How to Get More From your Voip Phone With Non-voip Friends

By: Jon Arnold

Having a VOIP phone is absolutely good news. No more worrying about how long you've been talking to grandma or Aunt Louise at the other end of the country, knowing that your long distance bill at the end of the month may require a second mortgage. As a bit of background, a VOIP phone allows you to make and receive calls via your high-speed Internet connection, where a majority of households already have a high-speed Internet connection anyway, and this is just making additional use of it. VOIP phone service works exactly like a traditional phone, except that with most VOIP services, the price includes "unlimited" long distance minutes within the continental US. And all this for a price that is frequently lower than just the cost of getting a plain old dial tone from the phone company.

Oh, that "unlimited" thing? It's not really unlimited. Most VOIP services will start to question you when you exceed about 3000 to 4000 long distance minutes in a month, thinking that maybe you are using it for business or perhaps even using an auto-dialer with it. But even so, unless you are a convicted talkaholic, that is more than enough minutes per month for most residential users. I mean, that is almost 2 hours of talk time every day for the entire month.

The biggest problem with VOIP, about 99% of the time, is not the VOIP service, but a crummy high-speed connection. Cable Internet is generally pretty good because it does not have a distance limitation, but DSL can get incredibly poor if your home is too far away from the DSL provider, like more than about 2.5 to 3 miles.

Ok, let's say that you have good VOIP service and a good reliable high-speed Internet connection, how can you make better use of your VOIP service? One way that very few customers are aware of is via the use of Virtual Numbers. Some VOIP vendors provide as many virtual numbers as you want for a couple dollars a month. Others like SunRocket provide a virtual number for free with the service. Let's look at how these work to your benefit.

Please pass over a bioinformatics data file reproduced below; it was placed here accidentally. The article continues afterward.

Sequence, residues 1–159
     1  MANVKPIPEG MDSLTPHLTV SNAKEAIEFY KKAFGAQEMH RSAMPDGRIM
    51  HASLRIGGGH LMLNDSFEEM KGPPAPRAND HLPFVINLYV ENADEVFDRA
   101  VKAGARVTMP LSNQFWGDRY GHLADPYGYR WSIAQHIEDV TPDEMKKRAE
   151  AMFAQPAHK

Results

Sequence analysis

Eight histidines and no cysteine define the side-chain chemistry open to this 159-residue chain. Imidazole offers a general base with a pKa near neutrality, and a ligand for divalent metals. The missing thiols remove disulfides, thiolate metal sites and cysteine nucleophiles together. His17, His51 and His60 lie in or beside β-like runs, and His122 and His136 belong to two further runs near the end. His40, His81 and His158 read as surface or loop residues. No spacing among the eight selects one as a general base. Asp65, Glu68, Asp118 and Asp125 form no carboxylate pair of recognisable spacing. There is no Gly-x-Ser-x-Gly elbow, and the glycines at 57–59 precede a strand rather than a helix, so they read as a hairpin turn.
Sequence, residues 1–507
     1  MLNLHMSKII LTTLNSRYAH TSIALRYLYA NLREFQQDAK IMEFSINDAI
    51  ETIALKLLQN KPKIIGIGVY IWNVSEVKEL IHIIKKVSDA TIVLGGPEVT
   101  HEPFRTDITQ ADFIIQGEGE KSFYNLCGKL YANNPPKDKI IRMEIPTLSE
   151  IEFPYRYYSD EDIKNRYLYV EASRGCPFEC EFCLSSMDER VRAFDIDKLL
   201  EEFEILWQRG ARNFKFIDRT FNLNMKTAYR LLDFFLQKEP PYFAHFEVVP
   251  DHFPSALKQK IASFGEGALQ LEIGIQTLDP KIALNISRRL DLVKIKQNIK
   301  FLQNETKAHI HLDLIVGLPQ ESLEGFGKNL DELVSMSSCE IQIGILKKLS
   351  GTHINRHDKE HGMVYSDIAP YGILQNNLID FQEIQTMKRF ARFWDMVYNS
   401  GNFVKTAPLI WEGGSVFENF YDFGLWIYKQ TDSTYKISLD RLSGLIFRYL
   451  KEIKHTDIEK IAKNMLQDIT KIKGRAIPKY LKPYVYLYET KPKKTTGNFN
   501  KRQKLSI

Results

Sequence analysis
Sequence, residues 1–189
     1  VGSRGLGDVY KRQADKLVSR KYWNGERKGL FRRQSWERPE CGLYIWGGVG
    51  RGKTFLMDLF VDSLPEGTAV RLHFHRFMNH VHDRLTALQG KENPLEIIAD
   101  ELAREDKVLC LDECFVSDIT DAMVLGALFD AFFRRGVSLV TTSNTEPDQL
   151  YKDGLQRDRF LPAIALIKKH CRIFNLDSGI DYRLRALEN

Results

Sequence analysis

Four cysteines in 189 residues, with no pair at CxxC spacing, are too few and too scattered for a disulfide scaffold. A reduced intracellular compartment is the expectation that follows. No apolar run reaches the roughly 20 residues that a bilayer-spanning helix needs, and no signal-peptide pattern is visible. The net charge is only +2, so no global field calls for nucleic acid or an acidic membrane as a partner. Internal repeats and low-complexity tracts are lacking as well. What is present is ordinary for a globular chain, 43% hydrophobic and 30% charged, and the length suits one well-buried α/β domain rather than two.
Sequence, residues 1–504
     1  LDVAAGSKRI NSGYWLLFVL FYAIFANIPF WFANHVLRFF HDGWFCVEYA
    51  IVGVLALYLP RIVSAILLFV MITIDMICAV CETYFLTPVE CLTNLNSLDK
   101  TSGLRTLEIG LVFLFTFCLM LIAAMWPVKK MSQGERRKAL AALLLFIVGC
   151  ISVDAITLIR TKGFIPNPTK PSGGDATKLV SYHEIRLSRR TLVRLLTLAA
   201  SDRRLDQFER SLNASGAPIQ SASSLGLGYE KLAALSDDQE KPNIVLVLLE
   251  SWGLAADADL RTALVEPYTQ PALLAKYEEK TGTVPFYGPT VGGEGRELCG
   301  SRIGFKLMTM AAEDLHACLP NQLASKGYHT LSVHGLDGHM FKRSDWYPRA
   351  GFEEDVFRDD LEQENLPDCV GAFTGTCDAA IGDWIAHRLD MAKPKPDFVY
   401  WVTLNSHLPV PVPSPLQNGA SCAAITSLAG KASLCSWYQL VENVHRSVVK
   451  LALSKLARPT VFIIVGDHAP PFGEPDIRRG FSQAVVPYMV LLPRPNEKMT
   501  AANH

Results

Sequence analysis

Say you live in Chicago, so your VOIP phone has a local Chicago number. Now say your sister lives in Seattle and your grandma lives in Houston. You can call them for free with your unlimited VOIP service, but if they call you, since they do not have VOIP phone service, they are paying long distance charges.

So you get two virtual numbers from your VOIP vendor, which gives you a Seattle number and a Houston number. Yes, you get phone numbers that are LOCAL to Seattle and Houston, but when someone calls that number, the call rings at your VOIP phone at your house in Chicago. So now your sister in Seattle can call a local Seattle phone number (your virtual number) and your grandma in Houston can call a local Houston number, and in both cases the call will ring up your VOIP phone in Chicago. Is that cool or what?

Check with your VOIP vendor to see what the cost of a virtual number is from them, and then determine if it is worth the cost based on the long distance charges that your long distance non-VOIP friends would incur. You're already making use of the latest technology with your VOIP phone service, so now just make use of all the functionality that it can offer you to your benefit.

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